The Sheet Set Template and Sheet Templates
These define the published model output in Civil 3D. There is a folder structure, naming conventions, standard resources, and methods to hold that buried in here. If the daily project quality control and check loops do not happen here, plan set deliverables by definition become the crisis.
Civil 3D Model Templates
These contain the Styles and Set tools we need to create, edit, maintain, and publish the model Features. The Civil 3D Template is said to be the Holy Grail of Civil 3D implementation. A single classic Civil 3D Template is a myth and a deception. The One Ring to Rule Them metaphor works nicely. The good news - You can now avoid that work as much as possible.
Whether you employ classic Civil 3D localized Style collection templates or Reference Templates (TREFs) is up to you. TREFs allow the improved implementation of shared and managed template resources. TREFs allow for more design and template diversity but we must proactively better manage the included resources together.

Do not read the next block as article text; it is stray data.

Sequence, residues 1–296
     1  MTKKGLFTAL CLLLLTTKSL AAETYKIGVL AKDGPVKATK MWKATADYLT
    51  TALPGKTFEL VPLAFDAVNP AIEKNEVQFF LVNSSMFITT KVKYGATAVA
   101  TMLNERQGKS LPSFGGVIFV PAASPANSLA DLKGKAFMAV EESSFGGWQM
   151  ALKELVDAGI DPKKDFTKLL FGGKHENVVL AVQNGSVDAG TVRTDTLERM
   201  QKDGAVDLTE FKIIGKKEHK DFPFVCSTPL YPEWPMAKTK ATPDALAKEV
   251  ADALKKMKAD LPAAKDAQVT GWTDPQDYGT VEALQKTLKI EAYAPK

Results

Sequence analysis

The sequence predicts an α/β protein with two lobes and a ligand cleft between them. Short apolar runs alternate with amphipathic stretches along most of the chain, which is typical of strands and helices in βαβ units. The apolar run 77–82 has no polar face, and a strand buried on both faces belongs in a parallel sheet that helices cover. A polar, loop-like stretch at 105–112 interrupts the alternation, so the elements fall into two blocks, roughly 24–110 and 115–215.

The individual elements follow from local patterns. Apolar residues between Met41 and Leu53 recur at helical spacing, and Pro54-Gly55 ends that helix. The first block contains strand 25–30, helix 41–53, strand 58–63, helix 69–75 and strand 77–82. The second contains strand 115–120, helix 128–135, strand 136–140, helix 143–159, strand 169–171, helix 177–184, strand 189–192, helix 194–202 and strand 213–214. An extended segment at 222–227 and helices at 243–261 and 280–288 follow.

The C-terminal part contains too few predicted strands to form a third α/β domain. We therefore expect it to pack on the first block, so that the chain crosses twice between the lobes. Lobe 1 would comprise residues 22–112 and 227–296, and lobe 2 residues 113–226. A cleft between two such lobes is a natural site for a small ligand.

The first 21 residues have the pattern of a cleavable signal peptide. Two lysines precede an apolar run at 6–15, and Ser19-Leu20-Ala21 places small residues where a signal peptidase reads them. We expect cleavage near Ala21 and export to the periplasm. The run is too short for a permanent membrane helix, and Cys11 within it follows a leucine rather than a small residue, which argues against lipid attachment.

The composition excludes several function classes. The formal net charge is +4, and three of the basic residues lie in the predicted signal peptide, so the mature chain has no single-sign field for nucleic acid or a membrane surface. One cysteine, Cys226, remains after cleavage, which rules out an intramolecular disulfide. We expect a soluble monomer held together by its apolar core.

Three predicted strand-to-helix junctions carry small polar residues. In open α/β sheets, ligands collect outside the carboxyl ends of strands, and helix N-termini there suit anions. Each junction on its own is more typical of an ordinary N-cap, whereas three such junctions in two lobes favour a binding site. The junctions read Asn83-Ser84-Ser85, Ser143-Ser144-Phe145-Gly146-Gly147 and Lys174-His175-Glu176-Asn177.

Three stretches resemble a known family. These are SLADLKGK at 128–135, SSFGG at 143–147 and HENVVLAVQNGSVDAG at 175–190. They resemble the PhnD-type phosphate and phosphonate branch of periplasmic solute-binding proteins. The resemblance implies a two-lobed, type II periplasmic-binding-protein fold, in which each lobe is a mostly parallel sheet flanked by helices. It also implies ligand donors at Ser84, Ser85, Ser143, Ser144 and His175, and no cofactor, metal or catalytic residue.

No Styles or Standards Only Templates
These No Styles or Standards Only templates only include minimal AutoCAD Styles, Civil 3D setup particulars, and the code-built Standard Civil 3D Styles. These are often employed to create Resource container or Style collector drawings.
These should always be used to hold project DREF data behind references as much as possible. Doing so reduces the upgrade and update problems related to Styles and CAD Standards changes that increase the complexity problems in Civil 3D projects. We can easily build these better storage containers into our Civil 3D Project Templates.
Root Reference Template
No Styles or Standards Only templates are basically styleless, a Root Reference Template establishes the minimal opposite condition and therefore a set of CAD Standards for Civil 3D.